Land management for crop production is an essential human activity that supports life on Earth. The main challenge to be faced by the agriculture sector in coming years is to feed the rapidly growing population while maintaining the key resources such as soil fertility, efficient land use, and water. Climate change is also a critical factor that impacts agricultural production. Among others, a major effect of climate change is the potential alterations in the growth cycle of crops which would likely lead to a decline in the agricultural output. Due to the increasing demand for proper agricultural management, this study explores the effects of meteorological variation on wheat yield in Chakwal and Faisalabad districts of Punjab, Pakistan and used normalised difference vegetation index (NDVI) as a predictor for yield estimates. For NDVI data (2001-14), the NDVI product of Moderate Resolution Imaging spectrometer (MODIS) 16-day composites data has been used. The crop area mapping has been realised by classifying the satellite data into different land use/land covers using iterative self-organising (ISO) data clustering. The land cover for the wheat crop was mapped using a crop calendar. The relation of crop yield with NDVI and the impact of meteorological parameters on wheat growth and its yield has been analysed at various development stages. A strong correlation of rainfall and temperature was found with NDVI data, which determined NDVI as a strong predictor of yield estimation. The wheat yield estimates were obtained by linearly regressing the reported crop yield against the time series of MODIS NDVI profiles. The wheat NDVI profiles have shown a parabolic pattern across the growing season, therefore parabolic least square fit (LSF) has been applied prior to linear regression. The coefficients of determination (R2) between the reported and estimated yield was found to be 0.88 and 0.73, respectively, for Chakwal and Faisalabad. This indicates that the method is capable of providing yield estimates with competitive accuracies prior to crop harvest, which can significantly aid the policy guidance and contributes to better and timely decisions.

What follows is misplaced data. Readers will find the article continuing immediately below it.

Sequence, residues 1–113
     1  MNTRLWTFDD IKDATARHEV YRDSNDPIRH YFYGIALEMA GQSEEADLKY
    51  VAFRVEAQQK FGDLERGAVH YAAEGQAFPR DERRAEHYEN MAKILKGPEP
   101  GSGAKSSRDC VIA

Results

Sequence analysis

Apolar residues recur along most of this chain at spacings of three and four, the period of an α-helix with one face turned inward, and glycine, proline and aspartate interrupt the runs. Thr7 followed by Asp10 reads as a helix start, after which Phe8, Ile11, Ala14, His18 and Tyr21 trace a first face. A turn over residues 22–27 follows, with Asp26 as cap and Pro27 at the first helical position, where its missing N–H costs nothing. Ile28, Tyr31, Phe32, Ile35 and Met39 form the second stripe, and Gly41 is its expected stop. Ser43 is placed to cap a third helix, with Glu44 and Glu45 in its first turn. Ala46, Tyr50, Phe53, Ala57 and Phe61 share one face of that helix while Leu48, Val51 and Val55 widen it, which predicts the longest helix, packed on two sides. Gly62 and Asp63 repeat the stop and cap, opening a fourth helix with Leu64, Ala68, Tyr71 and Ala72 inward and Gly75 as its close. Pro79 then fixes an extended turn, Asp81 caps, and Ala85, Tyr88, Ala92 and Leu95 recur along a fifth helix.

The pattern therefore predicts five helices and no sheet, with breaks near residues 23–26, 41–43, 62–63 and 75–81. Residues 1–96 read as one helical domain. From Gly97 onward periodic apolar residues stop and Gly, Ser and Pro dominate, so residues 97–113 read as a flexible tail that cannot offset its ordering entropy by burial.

Climate change; Yield estimation; Regression; Land cover; Mapping